Synopsis: When an old friend of Archer’s family, who also happens to be the inventor of the Transporter, comes on board, Archer endangers his ship and crew to try and help him save his son.
Review: “Daedalus” is in some ways an inverted version of STAR TREK: DEEP SPACE NINE’s classic and beloved episode “The Visitor.” Where “The Visitor” was the struggle of Jake Sisko to recover his father at great sacrifice, to end in reunion and relief, “Daedalus” inverts this story in more ways than one by portraying it as the struggle of a father to save his son and a struggle that is ultimately misguided and hopeless.
The episode also contains elements from such classic STAR TREK episodes as “The Conscience of the King” and TNG’s “Too Short A Season”, though in quality it is closer to the latter than any of the aforementioned. While “Daedaleus” is a competent episode, it is ultimately not a great one, which it could have been. Still, in this and a number of ways “Daedalus” reflects ENTERPRISE’s closeness to the original series.
Through Archer’s conversations with Emory we have a better picture of the men who helped pioneer the early rough and tumble days of Starfleet and the sacrifices they made. The transporter takes on a different tinge when we begin to consider that men and women had to die to create it. As with many great inventions, there are great sacrifices to be made and Emory represents the Promothean fate of those who try to bring the fire of science to man.
STAR TREK has not had good luck with geniuses who come on board to test new experiments. Consider Daystrom of the Original Series’ “The Ultimate Computer”, which this episode also draws from in some ways. Then we have “Where No One Has Gone Before”, in which the Enterprise-D ends up discovering all sorts of distant galaxies full of pretty lights. And already this season ENTERPRISE’s three-episode encounter with Dr. Soong does not end on a particularly high note. All in all, it seems as if the next time a scientific genius tries to come on board Enterprise they should strongly consider blasting him out of space before it’s too late.
Science and scientific invention are often abstract qualities. An inventor, a central inventor, as increasingly outmoded as such things may be, helps personalize the invention as a human product rather than an abstract mechanical one. The machine, the computer, the technology is given certain human qualities or at least made more personal by attaching a human story to it. And while STAR TREK is science fiction, it is often light science fiction that can slip into the conventional Luddite attacks on science. “Daedalus” is fortunately not such an episode and while Emory is not particularly moral, he is human rather than villainous. Like many great Original Series episodes, the character of Emory is worked out and defined and made human and his failings make him all the more fallible when playing god. Indeed “Daedalus”‘ greatest failing as an episode may be the miscasting of Emory in a role that required a greater and far more capable actor in it.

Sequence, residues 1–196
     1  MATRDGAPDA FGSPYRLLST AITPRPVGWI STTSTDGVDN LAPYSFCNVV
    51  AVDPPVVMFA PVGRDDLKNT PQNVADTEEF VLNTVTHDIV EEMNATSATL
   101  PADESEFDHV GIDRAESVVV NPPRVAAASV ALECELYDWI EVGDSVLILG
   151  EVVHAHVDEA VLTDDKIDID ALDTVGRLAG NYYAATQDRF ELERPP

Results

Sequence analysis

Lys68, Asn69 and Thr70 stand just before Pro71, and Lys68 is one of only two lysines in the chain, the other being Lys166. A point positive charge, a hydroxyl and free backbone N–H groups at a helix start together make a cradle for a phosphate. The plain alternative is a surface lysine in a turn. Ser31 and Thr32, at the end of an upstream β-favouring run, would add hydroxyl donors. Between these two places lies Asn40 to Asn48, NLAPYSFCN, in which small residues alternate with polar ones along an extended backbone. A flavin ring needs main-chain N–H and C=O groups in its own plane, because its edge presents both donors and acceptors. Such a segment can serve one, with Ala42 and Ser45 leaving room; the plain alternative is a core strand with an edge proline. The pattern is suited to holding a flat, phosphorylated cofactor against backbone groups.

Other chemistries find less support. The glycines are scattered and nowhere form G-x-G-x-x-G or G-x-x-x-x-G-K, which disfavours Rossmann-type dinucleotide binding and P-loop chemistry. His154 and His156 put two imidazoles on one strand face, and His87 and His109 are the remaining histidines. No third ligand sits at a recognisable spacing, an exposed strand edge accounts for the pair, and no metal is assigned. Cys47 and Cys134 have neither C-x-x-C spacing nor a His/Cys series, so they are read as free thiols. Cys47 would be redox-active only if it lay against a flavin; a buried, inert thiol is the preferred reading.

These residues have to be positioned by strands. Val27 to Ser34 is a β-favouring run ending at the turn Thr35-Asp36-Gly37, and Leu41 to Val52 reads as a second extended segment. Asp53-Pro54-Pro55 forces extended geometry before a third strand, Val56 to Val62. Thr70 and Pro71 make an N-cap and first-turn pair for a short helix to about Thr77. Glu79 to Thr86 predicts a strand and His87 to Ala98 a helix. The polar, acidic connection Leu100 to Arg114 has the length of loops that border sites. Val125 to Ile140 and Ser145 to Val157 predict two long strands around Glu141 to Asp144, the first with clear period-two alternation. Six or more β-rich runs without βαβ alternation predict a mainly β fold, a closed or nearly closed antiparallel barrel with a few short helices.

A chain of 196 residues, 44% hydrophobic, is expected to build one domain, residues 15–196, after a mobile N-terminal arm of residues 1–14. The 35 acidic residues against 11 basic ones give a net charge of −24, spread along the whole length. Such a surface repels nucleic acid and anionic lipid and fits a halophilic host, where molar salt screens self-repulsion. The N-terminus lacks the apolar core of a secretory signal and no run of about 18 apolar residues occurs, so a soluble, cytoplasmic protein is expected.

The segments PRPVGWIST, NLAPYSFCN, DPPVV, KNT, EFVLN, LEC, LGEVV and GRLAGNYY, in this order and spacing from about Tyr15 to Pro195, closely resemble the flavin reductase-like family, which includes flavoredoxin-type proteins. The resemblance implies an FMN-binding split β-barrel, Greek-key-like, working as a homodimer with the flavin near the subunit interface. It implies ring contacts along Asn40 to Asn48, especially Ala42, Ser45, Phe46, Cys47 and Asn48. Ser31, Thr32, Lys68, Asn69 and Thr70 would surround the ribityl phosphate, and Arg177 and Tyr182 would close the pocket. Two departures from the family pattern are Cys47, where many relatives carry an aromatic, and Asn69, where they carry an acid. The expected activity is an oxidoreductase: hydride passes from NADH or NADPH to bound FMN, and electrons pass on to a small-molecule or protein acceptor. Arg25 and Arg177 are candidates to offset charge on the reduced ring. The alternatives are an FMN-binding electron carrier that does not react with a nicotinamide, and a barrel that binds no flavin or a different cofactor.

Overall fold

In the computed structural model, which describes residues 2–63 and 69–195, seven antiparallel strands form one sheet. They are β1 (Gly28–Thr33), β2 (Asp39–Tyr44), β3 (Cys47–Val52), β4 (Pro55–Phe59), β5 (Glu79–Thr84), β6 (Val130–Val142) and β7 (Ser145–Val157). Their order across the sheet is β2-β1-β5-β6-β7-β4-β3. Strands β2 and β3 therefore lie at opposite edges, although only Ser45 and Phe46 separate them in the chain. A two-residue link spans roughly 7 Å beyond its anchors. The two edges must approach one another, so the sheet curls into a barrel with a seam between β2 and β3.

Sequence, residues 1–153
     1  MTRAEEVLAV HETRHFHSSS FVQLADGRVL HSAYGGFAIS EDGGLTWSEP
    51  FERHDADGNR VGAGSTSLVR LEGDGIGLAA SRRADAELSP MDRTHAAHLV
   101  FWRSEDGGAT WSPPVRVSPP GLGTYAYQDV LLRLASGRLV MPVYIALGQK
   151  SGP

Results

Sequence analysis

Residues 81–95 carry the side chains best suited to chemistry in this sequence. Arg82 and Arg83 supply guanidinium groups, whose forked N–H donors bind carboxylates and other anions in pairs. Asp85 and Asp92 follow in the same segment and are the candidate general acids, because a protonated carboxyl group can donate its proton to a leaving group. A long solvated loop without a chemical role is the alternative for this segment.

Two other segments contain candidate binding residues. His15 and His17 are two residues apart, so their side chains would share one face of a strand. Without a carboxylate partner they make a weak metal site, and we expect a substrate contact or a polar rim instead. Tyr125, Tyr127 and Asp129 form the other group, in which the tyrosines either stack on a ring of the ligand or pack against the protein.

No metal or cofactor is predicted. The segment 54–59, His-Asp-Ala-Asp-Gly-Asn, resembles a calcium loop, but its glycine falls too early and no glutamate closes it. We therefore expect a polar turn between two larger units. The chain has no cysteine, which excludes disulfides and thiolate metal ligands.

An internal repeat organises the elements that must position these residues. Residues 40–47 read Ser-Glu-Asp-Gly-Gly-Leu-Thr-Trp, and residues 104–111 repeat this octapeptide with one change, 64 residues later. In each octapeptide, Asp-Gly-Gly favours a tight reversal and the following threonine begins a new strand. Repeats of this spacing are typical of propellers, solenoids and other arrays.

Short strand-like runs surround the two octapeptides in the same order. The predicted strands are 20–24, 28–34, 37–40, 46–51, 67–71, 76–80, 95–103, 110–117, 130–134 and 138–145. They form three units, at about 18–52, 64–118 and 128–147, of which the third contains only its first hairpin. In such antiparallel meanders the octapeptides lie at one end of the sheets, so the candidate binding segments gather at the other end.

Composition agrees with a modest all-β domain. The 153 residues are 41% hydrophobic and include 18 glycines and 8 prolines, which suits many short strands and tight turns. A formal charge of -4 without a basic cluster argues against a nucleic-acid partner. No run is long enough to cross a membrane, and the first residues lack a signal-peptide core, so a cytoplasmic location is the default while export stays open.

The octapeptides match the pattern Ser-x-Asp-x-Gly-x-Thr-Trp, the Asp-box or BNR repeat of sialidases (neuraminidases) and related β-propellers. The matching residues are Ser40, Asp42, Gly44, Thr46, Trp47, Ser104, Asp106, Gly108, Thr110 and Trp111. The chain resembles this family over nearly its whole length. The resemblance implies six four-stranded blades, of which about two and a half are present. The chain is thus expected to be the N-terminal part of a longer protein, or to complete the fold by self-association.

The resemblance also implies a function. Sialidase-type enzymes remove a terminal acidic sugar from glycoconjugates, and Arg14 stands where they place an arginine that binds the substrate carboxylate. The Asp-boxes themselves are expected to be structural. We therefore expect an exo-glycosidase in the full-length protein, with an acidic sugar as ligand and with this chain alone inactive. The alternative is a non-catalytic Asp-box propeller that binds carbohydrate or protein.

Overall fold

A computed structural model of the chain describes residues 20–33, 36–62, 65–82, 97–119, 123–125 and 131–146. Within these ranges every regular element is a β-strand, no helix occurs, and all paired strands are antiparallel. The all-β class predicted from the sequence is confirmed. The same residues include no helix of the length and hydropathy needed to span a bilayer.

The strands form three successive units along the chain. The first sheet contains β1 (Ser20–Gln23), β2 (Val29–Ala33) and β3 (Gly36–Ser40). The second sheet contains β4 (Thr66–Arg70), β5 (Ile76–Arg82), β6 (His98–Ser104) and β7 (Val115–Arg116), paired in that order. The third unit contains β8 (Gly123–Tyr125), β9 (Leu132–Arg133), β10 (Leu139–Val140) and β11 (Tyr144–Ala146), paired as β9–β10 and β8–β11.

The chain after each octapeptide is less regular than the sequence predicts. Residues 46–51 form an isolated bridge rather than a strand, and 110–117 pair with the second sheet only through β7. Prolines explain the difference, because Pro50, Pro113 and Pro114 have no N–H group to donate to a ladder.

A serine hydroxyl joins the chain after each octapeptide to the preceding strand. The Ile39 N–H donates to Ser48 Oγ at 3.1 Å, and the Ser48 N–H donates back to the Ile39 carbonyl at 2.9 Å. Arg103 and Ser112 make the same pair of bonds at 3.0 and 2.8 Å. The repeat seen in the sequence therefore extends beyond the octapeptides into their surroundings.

To have been truly great, “Daedalus” needed its own Tony Todd, who played the adult Jake Sisko on “The Visitor.” Sadly it had Bill Cobbs, an actor better known for sitcom roles and playing cranky old men cliches in TV and film than in serious acting. Here, he is simply not up to the part which required an actor with a strong theatrical background.
Additionally the episode suffers from occasional abrupt editing that may be caused by reduction in allowed episode running time. The entire device of Emory’s son appearing as a ghost is a potentially interesting one and was used to great effect in “The Visitor.” However having him appear as a dangerous formless being who kills and in poltergeist style destroys equipment and walls was a far more dubious choice. It provided the element of danger and suspense but it’s not altogether certain that these elements were needed or had to be created in this way. While it made both Emory and Archer’s choices more difficult and controversial, in some ways the danger distracted from the core of the story by turning Quinn into a roving danger prowling the ship. Had the danger come from the Barrens themselves and Enterprise’s exposure to a dangerous area of space, that might have made the moral dilemma less cartoony and put the focus back on Emory.
Ultimately, like the Augments three-part episode, “Daedalus” is about the tragedy of a genius falling through his own conscience and the decisions he makes.
Next week: Crew members are experimented on and PETA never leaps to object.